Featuring real estate articles and information to help real estate buyers and sellers. The Nest features writings from Georges Benoliel and other real estate professionals. Georges is the Co-Founder of NestApple and has been working as an active real estate investor for over a decade.
Real estate never ceases to amaze people with the sheer number of different terms they have as part of their regular day-to-day occurrences. One of the common terms you might hear is an “open listing” agreement in New York real estate transactions. If you’ve ever wanted to buy an open listing or sell a home, you probably asked what an open listing is and how it could affect the sale. Don’t worry! It’s a lot simpler than you think. An open listing is a property listing where the owner has not agreed to list with any broker exclusively. However, the owner has decided to allow brokers to list the property on a non-exclusive basis.
The broker will only collect a commission if they find a buyer or tenant. Therefore the owner can always find their buyer and not owe any commission.
An open listing means a home is for sale with a non-exclusive contract with a brokerage. Having an open listing means the owner might make an FSBO sale (‘For sale By Owner”) while the home gets listed for sale via a brokerage, which cuts down on commissions. Sometimes, a home seller might do an open listing with multiple brokerages to help spread the word about a home faster.
If the listing gets sold while an open listing has multiple brokerage agreements, the home seller will only have to pay the brokerage and real estate agent who sell the home, and all others are unpaid.
With a typical listing, owners don’t have the right to find the seller, nor can they sell the home independently. They follow an exclusivity clause, meaning they are stuck with a specific real estate agent for the sale duration (or a set number of days, whichever comes first).
Any sale in a traditional listing must go through the real estate agent. In an open listing, sellers eliminate the exclusivity clause with the sale hire agreement.
This means the owner can find and sell the home themselves if they choose to. They also can hire as many real estate brokers and agents to sell the listing as possible.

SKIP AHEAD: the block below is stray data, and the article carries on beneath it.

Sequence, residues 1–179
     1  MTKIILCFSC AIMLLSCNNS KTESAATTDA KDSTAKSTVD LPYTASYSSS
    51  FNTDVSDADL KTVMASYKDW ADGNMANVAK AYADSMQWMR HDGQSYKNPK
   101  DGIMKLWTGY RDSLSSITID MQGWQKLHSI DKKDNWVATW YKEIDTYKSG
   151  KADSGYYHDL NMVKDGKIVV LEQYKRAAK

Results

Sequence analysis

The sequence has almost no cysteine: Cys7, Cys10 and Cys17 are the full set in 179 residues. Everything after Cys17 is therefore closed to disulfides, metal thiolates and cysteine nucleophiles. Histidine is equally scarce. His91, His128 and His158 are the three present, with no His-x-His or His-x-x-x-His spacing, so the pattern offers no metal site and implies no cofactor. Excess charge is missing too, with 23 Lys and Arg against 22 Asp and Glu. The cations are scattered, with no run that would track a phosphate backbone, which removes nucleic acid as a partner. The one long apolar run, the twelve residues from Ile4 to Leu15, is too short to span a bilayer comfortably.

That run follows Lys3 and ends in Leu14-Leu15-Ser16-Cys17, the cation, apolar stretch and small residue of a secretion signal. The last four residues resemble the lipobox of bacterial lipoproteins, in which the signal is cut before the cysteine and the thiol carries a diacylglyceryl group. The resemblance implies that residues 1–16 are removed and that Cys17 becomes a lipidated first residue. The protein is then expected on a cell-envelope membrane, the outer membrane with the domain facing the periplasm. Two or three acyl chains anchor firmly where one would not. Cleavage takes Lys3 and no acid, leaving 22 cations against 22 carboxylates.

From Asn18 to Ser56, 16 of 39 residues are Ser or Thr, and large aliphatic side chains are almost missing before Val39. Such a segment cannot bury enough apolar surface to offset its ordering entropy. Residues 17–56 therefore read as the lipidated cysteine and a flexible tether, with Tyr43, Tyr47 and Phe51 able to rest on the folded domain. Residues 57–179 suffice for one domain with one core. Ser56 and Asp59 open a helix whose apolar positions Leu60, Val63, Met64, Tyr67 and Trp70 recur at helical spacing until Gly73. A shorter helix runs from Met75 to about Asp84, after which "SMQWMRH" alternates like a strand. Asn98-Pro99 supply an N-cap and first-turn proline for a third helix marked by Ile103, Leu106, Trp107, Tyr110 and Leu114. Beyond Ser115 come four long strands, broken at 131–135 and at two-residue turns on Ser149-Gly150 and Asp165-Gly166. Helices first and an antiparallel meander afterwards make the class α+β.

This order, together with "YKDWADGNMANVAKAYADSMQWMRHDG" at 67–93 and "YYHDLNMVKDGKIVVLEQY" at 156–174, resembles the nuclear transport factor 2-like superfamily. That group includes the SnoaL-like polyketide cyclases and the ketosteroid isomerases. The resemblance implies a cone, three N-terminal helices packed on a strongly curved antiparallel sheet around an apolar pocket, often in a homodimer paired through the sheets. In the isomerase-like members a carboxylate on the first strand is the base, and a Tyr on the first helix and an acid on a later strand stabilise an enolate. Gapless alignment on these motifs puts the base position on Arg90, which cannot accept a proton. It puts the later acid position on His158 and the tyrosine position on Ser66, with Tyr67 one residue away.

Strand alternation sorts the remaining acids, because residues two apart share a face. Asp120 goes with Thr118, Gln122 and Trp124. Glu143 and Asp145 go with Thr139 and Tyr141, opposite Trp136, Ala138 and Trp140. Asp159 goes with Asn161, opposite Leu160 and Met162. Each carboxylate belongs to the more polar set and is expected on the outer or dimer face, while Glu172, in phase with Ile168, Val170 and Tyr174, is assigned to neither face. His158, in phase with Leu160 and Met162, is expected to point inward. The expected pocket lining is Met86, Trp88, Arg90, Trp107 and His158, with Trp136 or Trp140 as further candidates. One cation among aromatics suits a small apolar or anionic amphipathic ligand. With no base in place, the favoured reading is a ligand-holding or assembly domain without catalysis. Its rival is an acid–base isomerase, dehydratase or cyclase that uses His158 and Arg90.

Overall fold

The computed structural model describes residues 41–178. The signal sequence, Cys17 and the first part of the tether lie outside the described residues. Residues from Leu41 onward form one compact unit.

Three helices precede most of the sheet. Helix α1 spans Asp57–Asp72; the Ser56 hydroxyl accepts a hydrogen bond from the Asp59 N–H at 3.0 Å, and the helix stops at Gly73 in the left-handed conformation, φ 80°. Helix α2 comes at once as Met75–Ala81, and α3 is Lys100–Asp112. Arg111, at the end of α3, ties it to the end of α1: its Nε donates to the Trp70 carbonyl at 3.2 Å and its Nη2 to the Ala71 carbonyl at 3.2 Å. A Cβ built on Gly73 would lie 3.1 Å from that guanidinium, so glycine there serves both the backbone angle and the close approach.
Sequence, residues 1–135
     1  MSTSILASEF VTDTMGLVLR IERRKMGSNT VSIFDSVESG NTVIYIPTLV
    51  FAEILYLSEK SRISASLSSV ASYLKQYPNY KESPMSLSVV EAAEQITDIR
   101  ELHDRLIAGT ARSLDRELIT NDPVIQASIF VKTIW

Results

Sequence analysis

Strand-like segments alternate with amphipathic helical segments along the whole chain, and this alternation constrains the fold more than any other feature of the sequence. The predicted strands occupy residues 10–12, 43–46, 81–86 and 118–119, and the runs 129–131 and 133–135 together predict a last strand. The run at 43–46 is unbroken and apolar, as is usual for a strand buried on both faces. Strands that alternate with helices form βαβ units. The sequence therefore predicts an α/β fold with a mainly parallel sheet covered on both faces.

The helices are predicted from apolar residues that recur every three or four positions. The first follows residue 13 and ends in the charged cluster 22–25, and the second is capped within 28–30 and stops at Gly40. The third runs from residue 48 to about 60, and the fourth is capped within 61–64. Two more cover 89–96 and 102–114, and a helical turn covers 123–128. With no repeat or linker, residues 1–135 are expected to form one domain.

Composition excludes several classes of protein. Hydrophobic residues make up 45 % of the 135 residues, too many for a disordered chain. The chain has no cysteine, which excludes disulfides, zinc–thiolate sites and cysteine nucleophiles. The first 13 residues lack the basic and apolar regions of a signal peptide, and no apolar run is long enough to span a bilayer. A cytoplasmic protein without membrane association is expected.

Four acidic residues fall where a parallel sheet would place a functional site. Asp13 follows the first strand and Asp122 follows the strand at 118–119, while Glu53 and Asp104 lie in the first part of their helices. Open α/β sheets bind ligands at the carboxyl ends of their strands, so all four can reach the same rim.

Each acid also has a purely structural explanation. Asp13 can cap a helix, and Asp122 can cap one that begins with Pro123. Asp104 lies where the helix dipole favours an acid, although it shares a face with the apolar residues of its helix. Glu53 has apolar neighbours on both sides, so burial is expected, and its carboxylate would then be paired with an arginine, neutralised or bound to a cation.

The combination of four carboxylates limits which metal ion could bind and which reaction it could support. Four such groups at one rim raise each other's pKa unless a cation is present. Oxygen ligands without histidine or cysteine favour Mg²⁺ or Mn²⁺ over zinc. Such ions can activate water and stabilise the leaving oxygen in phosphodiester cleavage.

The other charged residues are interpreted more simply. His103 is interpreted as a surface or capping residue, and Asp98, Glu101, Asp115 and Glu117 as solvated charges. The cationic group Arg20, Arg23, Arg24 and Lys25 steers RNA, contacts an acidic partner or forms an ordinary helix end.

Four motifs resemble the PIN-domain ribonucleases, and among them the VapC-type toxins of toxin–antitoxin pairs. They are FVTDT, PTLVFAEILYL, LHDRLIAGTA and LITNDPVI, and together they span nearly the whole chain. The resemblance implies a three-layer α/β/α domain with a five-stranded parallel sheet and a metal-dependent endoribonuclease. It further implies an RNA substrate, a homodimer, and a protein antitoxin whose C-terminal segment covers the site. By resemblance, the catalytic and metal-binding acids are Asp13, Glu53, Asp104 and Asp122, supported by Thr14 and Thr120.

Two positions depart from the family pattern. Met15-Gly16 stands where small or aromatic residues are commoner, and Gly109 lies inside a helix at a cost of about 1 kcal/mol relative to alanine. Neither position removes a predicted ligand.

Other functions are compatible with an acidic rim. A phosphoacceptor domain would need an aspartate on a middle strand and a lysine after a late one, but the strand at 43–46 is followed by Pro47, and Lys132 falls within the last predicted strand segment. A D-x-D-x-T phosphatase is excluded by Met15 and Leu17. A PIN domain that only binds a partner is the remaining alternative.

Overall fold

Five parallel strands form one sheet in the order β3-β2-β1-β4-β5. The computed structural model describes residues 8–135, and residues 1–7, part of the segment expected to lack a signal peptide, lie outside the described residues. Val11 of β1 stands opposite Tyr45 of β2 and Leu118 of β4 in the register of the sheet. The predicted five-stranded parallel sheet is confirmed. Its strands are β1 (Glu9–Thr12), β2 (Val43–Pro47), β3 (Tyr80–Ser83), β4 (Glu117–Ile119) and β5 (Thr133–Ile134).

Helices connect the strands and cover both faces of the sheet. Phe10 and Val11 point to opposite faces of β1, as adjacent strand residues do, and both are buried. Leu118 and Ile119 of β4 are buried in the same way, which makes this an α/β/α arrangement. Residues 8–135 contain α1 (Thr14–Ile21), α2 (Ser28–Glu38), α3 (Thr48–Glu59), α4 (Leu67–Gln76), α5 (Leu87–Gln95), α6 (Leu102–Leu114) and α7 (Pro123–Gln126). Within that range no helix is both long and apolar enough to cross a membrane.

It can make a lot of sense for many buyers. Open listings are great for sellers who want to sell the home fast or save money on potentially selling agents’ commissions. However, they’re not always a good choice. Many real estate agents and brokerages won’t work with open listings simply because they feel like it’s a waste of time.
People who want to sell their homes fast and are focused on raising awareness ASAP should consider having an open listing. This usually refers to emergency sell-offs from significant life events like divorce or bereavement in NYC.
Otherwise, you probably will get better service with an exclusive contract (i.e., “exclusive right to sell”). Exclusive contracts (i.e., “exclusive listing agreements” or “exclusive agency listing”) ensure that your agent remains focused on your listing. Besides, having an agent work exclusively for you takes most of the hard work out of your hands.
Open listings are relatively simple to work with. The following is what both sellers and buyers must know:
You might hear these two phrases used heavily. They’re not the same thing as a fully open listing. Sometimes, brokerages may try to persuade you into one of these exclusivity clauses. If you want to make an open sale, you might not want to agree to either.
Not all real estate agents and brokerages dislike open listings, but some do. However, there are several reasons why many agents run the other way when they hear about a new open listing. The most common causes include the following:
New York City does not have a law that says all agents have to agree to represent people who come asking for help. This includes open listings. However, this doesn’t necessarily mean that the real estate agent you want to hire has the right to make that decision.
In many cases, it’s not up to them; instead, it’s a decision made by a broker.
Due to the high risk of time-wasting, many brokerages have policies that ban all agents working from the firm from taking up an open listing. If the real estate agent you want works with an exclusive-only brokerage, you must choose between an exclusive contract and a different agent.
Sometimes it is, but it’s an issue entirely dependent on your particular situation and the market you want to reach. An honest broker or agent is the best person to ask about this matter, and they’re the ones who see the market and understand New York City’s unique sales climate.
You’ll find excellent advice at your fingertips if you choose the right people.